At first, I thought there were two people moving down the corridor. Is this the impression you wanted to give? If so, it perhaps doesn't fit with the fact that the murderer came into the study through a secret panel.
4th Para
'Next to the burning candle, an ornamental vase filled with dead flowers sat.' This is an example of several sentences that are badly constructed. Maybe this should this read: - 'Next to the burning candle sat an ornamental vase filled with dead flowers.'
5th Para
'Darkness greeted him beckoning him to enter. 'Does darkness beckon? It is apt to repel most people.
'The recognizable creak of the closing door made the man realize he had stepped into his study.' As he used the key for the study, wouldn't he already know where he was?
6th Para
'From the window a full moon shone brightly behind the clouds bathing the room in a soft pale glow.' You have contradicted yourself about the room being dark.
8th Para
'Looking down, the man sighed as he noticed his scuffed shoes.' Would you be able to see scuffs on shoes in what is being portrayed as either darkness or very poor light?
9th Para
'An untrimmed beard grew on his wrinkle dominated face, a mark left by the harsh world.' Mark would indicate just one wrinkle - should it be marks?
10th Para
'If age did not catch you, Death surely would.' I am not sure this makes sense. It is the same thing really.
The Letter
'Dear Inspector,
My dearest apologies for summoning you at short notice, but a depressing matter has befallen my family. I was recommended by a friend to contact you as, I have heard, you are good at solving a mystery. My brother was murdered yesterday, shot from behind in the head. Since his body was not found until the early morning, I suspect the murder happened near the end of the party the night before.' I think the dearest is too personal for a letter of this type - maybe replace with 'earnest'. Big assumption by the writer about when he thought the murder took place just because it was found in the morning. Maybe this is a clue; otherwise, I think it needs amending.
Quick Fire 'others'
You can't be 'slightly average' - you are either average or you are not.
Observing the R on the briefcase appears unnecessary - if it is a clue, then leave, otherwise remove all such extras.
'treaded' across the room should be 'trod'
You use 'popped' too often - try replacing one or two.
Quaint means 'Charmingly odd, especially in an old-fashioned way'. Your use of it to describe the town is at odds with the gloomy picture you paint.

An overall observation, and assumption, if you like, is that you have tried to use more complicated and varied words and mechanisms for effect, but that they don't come naturally to your style. Write from the heart and, as many writers would advise, as though you are speaking to someone. Your writing will then be natural, flow a lot better and be less contrived.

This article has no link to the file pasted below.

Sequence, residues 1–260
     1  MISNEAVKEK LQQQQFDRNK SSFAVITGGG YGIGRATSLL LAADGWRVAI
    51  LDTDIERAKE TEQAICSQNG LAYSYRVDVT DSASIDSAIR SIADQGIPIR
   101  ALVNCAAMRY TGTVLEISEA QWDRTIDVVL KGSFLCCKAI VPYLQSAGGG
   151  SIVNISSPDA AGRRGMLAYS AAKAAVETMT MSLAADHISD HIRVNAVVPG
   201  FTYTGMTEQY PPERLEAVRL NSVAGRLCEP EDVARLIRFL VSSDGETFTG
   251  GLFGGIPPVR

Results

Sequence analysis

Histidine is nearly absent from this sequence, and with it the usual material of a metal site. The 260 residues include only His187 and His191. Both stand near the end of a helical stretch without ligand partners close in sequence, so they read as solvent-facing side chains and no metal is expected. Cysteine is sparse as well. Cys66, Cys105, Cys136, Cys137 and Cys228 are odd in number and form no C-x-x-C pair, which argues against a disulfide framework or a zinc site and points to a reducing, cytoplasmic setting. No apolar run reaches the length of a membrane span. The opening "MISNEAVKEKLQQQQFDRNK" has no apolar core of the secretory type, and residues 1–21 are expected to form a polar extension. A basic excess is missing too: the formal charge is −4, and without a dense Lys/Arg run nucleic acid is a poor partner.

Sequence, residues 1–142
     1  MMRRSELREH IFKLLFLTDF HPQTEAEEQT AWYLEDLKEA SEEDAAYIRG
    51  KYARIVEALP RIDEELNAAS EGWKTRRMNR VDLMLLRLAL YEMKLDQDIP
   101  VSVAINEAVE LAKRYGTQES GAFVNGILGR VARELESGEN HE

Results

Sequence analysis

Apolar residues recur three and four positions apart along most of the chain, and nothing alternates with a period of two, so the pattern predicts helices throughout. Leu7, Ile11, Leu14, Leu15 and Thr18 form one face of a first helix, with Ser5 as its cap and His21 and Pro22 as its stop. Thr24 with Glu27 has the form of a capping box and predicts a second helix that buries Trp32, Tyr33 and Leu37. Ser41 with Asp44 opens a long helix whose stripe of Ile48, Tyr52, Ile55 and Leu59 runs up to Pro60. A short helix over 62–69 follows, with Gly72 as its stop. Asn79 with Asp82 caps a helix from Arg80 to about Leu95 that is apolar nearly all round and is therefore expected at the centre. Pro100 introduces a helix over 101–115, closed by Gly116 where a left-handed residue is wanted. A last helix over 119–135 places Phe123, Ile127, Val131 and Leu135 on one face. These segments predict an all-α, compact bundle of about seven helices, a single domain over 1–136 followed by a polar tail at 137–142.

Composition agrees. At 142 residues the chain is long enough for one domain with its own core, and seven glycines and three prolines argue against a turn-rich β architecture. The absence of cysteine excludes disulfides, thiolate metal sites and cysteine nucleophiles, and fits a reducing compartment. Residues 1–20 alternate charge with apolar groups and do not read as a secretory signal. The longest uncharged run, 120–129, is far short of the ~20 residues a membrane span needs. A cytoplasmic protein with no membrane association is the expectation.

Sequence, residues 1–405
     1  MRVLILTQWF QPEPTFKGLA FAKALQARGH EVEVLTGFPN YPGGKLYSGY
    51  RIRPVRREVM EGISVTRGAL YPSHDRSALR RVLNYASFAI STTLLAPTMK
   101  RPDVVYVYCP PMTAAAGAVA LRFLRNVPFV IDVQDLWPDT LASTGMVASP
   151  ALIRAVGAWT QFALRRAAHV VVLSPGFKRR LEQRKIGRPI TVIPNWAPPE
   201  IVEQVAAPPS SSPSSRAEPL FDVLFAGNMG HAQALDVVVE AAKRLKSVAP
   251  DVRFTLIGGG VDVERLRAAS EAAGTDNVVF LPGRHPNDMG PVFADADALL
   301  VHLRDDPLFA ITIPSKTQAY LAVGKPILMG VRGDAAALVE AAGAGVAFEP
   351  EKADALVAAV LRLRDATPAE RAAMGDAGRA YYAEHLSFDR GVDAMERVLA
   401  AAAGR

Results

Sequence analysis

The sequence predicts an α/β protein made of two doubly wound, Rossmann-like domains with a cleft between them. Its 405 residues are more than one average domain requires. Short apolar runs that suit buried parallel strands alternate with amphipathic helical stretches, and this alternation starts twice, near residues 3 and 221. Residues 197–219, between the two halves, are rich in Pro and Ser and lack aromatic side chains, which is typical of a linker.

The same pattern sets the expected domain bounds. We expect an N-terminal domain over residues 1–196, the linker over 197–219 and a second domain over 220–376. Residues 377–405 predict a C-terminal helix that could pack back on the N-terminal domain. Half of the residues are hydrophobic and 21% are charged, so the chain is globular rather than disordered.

I hope these observations have been useful.
Good luck

Ghosty wrote 630 days ago

Club Agatha ch2-

Jules, I really am enjoying the development of your characters and plot. It's nice to see that everyone is becoming a suspect and they're not what they are trying to convey to Rouge. But the clever Inspector Rouge's unique view isn't missing a trick. Very well written once again, the last line is quite chilling and is a great hook. Can't wait to read on.

Cupcake xx wrote 631 days ago

Club Agatha Critique

Reading the first chapter of your book was a truly mysterious experience: I was enthralled by the mystery and subtle action you have woven into this so far. I was also dazzled by the word you have created so far.
Your writing is extraordinary, and the words you have chosen are very well thought out and put in. I was truly taken in by the world and the narration you used so far.

The imagery as well is commendable, and I really enjoyed it.
I will be reading further!


olga wrote 631 days ago

Club Agatha Crit.
Chapter 2 is an intriguing beginning to your story. This is full of promise of mysteries yet to unfold. It collars the reader from the first sentence. There are some editing nits that need attention...
'....shivered in his shoes....' I would suggest that you could say what you mean here. This does not create a visual clue as to his state.
'....his elderly eyes appeared....' Seems that his eyes are not part of his body the way it is written.
'....a room emerged....' Suggest the room emerged as if you say a room emerged it's not the same room but somewhere else.
I have only listed a few of the nits here.
All the best with this.

SDFrears wrote 632 days ago

Club Agatha Critique